Pandit

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Manni Ahlawat.

A pandit (Sanskrit: पण्डित, translit. paṇḍita;[1] also spelled pundit, pronounced /ˈpʌndɪt, ˈpændɪt/;[2] abbreviated as Pt. or Pdt.; Panditain or Punditain can refer to a female pundit or the wife of a pundit) is a Brahmin scholar[3] or a teacher of any field of knowledge in Hinduism,[1] particularly the Vedic scriptures, dharma, Hindu philosophy, or secular subjects such as music.[4] He may be a Guru in a Gurukul.[citation needed]

In Sanskrit, states Monier Williams, Pandit generally refers to any "wise, educated or learned man" with specialized knowledge.[5] The term is derived from paṇḍ (पण्ड्) which means "to collect, heap, pile up", and this root is used in the sense of knowledge.[6] The term is found in Vedic and post-Vedic texts, but without any sociological context. In the literature of the colonial era, the term generally refers to Brahmins specialized in Hindu law.[7]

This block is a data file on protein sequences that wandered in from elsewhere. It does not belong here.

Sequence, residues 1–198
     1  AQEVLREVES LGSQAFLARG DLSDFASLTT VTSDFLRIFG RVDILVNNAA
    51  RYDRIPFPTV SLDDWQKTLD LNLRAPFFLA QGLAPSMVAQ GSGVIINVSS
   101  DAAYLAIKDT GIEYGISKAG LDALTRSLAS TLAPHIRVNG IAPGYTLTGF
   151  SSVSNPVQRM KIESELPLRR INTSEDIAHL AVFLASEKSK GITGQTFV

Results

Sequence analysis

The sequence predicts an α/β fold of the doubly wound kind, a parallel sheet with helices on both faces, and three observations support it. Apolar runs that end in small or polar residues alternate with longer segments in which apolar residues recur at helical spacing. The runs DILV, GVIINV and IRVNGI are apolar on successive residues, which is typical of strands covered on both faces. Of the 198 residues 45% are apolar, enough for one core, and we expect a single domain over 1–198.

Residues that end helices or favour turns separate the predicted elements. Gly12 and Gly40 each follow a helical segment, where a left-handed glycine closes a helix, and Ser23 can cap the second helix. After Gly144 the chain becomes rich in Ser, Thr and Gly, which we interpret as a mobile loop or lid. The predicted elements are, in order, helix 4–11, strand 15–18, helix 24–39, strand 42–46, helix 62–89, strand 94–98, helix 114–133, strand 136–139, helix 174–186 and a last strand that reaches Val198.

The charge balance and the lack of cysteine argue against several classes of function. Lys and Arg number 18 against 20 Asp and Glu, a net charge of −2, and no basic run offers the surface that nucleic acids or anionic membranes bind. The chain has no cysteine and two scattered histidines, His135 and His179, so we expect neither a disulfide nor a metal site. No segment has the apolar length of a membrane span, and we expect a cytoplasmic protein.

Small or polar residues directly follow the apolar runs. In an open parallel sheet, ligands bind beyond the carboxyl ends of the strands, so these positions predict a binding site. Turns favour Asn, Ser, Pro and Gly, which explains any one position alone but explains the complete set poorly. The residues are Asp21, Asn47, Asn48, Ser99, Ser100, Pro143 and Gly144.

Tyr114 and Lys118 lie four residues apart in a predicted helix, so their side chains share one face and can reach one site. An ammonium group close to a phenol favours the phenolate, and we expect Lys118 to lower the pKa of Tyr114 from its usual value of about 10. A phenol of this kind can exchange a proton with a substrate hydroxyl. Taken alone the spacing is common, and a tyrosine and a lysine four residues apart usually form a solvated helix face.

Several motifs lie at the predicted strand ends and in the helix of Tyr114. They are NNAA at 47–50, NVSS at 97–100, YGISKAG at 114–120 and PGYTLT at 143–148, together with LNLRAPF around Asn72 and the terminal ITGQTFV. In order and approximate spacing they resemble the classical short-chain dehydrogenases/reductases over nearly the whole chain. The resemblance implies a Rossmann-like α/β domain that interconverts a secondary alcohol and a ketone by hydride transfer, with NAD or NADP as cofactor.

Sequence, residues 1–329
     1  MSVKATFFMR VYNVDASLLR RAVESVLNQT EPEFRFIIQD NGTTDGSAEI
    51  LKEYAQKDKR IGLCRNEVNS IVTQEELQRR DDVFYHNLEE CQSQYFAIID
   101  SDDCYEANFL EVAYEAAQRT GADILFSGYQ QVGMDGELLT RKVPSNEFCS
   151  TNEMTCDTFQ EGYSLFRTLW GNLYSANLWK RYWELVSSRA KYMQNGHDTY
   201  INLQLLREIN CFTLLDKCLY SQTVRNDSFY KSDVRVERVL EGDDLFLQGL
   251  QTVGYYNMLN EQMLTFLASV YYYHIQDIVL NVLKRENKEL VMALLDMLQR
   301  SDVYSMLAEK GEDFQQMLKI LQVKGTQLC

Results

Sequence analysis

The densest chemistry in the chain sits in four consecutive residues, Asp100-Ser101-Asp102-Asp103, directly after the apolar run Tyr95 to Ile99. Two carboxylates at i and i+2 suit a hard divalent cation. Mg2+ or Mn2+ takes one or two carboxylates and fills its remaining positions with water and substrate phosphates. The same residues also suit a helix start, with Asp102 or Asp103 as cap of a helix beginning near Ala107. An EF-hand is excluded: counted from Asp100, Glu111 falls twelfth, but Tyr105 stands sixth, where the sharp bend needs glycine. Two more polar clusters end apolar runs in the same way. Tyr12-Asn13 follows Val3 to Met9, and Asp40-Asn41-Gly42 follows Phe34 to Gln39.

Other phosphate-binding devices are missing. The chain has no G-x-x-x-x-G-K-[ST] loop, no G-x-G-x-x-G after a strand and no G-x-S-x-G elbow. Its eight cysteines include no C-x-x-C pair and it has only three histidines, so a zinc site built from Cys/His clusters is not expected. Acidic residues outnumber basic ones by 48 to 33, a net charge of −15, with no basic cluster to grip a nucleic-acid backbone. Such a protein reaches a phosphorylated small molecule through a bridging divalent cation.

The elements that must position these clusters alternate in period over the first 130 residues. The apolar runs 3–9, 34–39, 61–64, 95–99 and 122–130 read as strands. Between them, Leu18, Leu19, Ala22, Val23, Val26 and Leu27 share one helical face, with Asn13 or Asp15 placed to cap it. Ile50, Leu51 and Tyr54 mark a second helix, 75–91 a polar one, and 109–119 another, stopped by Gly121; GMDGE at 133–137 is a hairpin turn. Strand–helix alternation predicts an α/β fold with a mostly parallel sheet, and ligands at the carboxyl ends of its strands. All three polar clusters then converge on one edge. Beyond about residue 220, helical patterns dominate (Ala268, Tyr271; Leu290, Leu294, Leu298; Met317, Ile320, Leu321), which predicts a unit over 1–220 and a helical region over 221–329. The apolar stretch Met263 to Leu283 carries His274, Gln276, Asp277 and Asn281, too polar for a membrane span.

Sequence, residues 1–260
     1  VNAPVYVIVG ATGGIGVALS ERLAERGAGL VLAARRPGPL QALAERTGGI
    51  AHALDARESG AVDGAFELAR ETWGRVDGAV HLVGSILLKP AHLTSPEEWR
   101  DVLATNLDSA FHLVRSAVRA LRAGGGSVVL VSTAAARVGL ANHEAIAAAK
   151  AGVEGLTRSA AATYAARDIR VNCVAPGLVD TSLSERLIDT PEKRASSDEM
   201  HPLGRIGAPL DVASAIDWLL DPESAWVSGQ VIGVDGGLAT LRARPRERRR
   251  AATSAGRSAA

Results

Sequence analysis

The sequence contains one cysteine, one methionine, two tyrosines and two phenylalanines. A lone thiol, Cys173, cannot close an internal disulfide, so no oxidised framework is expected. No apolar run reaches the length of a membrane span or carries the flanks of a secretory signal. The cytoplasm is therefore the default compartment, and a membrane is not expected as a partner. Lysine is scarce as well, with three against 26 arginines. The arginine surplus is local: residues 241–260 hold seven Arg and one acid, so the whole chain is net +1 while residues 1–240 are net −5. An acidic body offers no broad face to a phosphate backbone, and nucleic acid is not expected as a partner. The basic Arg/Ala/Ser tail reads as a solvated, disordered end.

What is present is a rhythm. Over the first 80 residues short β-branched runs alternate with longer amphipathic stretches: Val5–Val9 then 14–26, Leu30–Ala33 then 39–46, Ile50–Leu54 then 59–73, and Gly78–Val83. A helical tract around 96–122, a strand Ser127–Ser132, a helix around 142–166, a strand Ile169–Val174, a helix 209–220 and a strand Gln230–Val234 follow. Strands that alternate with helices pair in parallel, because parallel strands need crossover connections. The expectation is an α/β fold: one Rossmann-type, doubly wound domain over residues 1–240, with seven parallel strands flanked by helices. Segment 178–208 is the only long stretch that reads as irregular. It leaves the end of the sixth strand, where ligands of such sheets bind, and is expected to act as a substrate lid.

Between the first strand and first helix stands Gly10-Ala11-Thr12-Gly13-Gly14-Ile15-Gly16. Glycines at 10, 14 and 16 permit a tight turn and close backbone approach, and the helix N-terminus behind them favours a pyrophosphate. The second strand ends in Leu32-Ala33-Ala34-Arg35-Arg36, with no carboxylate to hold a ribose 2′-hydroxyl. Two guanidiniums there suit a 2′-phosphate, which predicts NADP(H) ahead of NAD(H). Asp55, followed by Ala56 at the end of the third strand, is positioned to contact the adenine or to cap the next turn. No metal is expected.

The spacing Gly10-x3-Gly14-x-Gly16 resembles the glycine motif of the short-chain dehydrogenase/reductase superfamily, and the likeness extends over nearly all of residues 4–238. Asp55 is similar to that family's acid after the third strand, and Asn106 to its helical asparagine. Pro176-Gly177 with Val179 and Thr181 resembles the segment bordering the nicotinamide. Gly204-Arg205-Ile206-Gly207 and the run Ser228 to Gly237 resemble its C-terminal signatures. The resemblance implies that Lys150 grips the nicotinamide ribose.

The related term Purohit refers to a house priest.[4]

See also[edit]

References[edit]

  1. ^ a b Wikisource Chisholm, Hugh, ed. (1911). "Pundit". Encyclopædia Britannica. 22 (11th ed.). Cambridge University Press. p. 649.
  2. ^ "pandit". Random House Webster's Unabridged Dictionary.
  3. ^ Lise McKean (1996). Divine Enterprise: Gurus and the Hindu Nationalist Movemen. University of Chicago Press. pp. 13–14. ISBN 978-0-226-56009-0.
  4. ^ a b Axel Michaels; Barbara Harshav (2004). Hinduism: Past and Present. Princeton University Press. p. 190. ISBN 978-0-691-08952-2.
  5. ^ Monier Monier-Williams (1872). A Sanskrit-English Dictionary. Oxford University Press. p. 527.
  6. ^ Monier Monier-Williams (1872). A Sanskrit-English Dictionary. Oxford University Press. pp. 526–527.
  7. ^ Timothy Lubin; Donald R. Davis Jr; Jayanth K. Krishnan (2010). Hinduism and Law: An Introduction. Cambridge University Press. p. 8. ISBN 978-1-139-49358-1.